1833 - 1862
||Tennessee, United States
THE FORTY-FIRST ALABAMA INFANTRY.
The Forty-first regiment, 1,250 strong, was organized in May, 1862; was ordered from Tuscaloosa to Chattanooga; was in Middle Tennessee for some months, doing guard duty principally; was sent to Kentucky in September, brigaded under General Hanson, being the only Alabama troops in his Kentucky brigade.
Under its gallant and brave Colonel Stansel, who shared its vicissitudes from the beginning until the close, it fought valiantly at Murfreesboro, December 31st to January 2nd, where two of its finest lieutenants were killed, as was its brigade commender, General Hanson.
Gen. Marcus Wright and Colonel Hunt, successively, commanded the Kentucky brigade, but in May, 1863, it was assigned to General Helm, and moved to Tullahoma in Breckinridge's army. The regiment was engaged in the operations for the relief of Vicksburg, and in the trenches at Jackson through the long, weary summer of 1863.
Rejoining the army of Tennessee, the regiment immortalized itself at Chickamauga, September 19 and 20, 1863. Of the 325 men who went into battle, 147 were killed and wounded, several of them officers. Again it lost its brigade commander, General Helm being killed in this battle.
In November, we find the regiment brigaded with the Forty-third Alabama and the First, Second, Third and Fourth battalions, Hilliard's legion (afterward known as the Fifty-ninth and Sixtieth Alabama), and Stallworth's sharpshooters, under the command of General Gracie, which organization remained identical until the surrender; took part, with considerable loss, in the campaign of East Tennessee.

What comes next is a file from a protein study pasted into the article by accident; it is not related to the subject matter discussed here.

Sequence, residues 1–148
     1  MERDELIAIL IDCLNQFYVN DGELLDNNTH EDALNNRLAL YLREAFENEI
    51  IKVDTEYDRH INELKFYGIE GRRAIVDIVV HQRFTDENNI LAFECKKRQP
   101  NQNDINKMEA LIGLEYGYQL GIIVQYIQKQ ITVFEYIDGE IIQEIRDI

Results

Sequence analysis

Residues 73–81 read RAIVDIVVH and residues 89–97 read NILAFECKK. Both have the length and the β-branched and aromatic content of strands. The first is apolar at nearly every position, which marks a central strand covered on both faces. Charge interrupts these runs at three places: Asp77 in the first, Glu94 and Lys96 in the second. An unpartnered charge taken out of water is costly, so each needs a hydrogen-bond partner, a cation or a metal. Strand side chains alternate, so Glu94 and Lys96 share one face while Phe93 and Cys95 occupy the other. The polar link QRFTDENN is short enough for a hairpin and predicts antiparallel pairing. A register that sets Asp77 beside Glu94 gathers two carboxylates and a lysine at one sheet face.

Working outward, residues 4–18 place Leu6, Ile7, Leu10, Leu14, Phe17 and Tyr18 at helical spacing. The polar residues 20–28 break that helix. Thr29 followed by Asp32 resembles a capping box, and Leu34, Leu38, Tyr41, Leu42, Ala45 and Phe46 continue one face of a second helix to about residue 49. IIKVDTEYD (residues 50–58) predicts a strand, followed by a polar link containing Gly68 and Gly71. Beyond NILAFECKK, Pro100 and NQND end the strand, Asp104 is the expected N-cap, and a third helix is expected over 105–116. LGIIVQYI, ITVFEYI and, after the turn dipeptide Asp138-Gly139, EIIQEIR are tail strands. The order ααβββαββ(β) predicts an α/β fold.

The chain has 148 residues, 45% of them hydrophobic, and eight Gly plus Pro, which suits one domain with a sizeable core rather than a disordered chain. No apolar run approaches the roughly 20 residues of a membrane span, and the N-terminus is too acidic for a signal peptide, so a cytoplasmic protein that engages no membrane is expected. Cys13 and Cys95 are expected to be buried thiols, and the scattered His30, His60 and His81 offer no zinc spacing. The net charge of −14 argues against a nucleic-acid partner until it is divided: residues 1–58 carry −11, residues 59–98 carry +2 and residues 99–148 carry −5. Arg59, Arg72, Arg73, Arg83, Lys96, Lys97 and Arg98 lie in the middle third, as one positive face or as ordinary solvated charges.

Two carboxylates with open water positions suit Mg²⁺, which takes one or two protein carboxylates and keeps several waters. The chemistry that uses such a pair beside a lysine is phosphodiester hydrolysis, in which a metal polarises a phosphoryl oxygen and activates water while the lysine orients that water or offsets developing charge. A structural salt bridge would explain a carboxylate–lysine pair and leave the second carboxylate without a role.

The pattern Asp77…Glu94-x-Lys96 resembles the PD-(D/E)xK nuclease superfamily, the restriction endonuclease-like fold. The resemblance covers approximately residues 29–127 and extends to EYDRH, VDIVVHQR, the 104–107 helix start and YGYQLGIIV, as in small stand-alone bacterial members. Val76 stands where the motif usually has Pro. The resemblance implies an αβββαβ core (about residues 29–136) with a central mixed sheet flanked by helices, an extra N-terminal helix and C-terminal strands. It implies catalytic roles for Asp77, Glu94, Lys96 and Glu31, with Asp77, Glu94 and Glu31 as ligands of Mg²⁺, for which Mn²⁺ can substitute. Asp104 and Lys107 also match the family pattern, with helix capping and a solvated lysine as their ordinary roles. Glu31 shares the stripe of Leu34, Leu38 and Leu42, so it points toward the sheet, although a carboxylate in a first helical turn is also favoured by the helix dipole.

In April, 1864, the brigade was sent to Virginia; was at Drewry's Bluff, May 12th to 16th, and at Dutch Gap. Took part in the siege of Petersburg, March 25th to April 2nd, where Maj. L. D. Hudgins was killed, and the loss was very severe; suffered greatly at Hatcher's Run; at White Oak road it lost its brave
and gallant Lieutenant-Colonel Trimmier.
The regiment was bravely fighting at Appomattox, and had repulsed the enemy, when the flag of truce ended the fight, and, at the same time, the long war.
Of 1,454 names on the rolls since its enrollment, there were 270 in this last fight, led by Stansel, and under the command of General Gordon.
Capt. Robert H. McCord died in the service; Capt. B. A. Hudgins was wounded, and Lieuts. J. T. Hardaway and N. B. Lenderman were killed, at Murfreesboro. Capt. L. M. Clements was wounded, and Lieut. A. Hawkins and Sergt.-Maj. Ira Tarrant were killed, at Chickamauga; Capt. H. M. Bell was wounded at Hatcher's Run.
The field officers were Cols. Henry Talbird and M. L. Stansel, wounded at Murfreesboro, and since distinguished in the political history of Alabama and at the bar; Lieut.-Cols. J. T. Murfee and T. G. Trimmier, who laid down his life at White Oak road; and Majs. Jesse G. Nash and L. D. Hudgins, the latter
killed at Petersburg.
Source: Confederate Military History, vol. VIII, p. 183
Stone's River after battle report: Report of Lieut. Col. M. L. Stansel, Forty-first Alabama Infantry.
TULLAHOMA, TENN., January 12, 1863.
SIR: I have the honor to make the following report of the performances of this regiment in the recent seven days' battles in front of Murfreesborough, Tenn.:
On Sunday, December 28, this regiment, together with the other regiments composing Hanson's brigade, acting under orders proceeding from general headquarters, proceeded to Wayne's Hill and formed line of battle in rear and in support of Cobb's battery and a section of the Washington Artillery, as also a section of Lumsden's battery. In this position we remained for several days, exposed to a constant and galling fire both from the enemy's artillery and sharpshooters, awaiting an evidently contemplated attack upon that point. During this time two of our best lieutenants [[James T.] Hardaway and [N. B.] Lenderman] and Private Suddeth were killed and a number of our men wounded; still,
however, we held our position against the most terrific assaults the enemy could bring to bear against it- a point called by Gen. Bragg himself the key of the battle-field.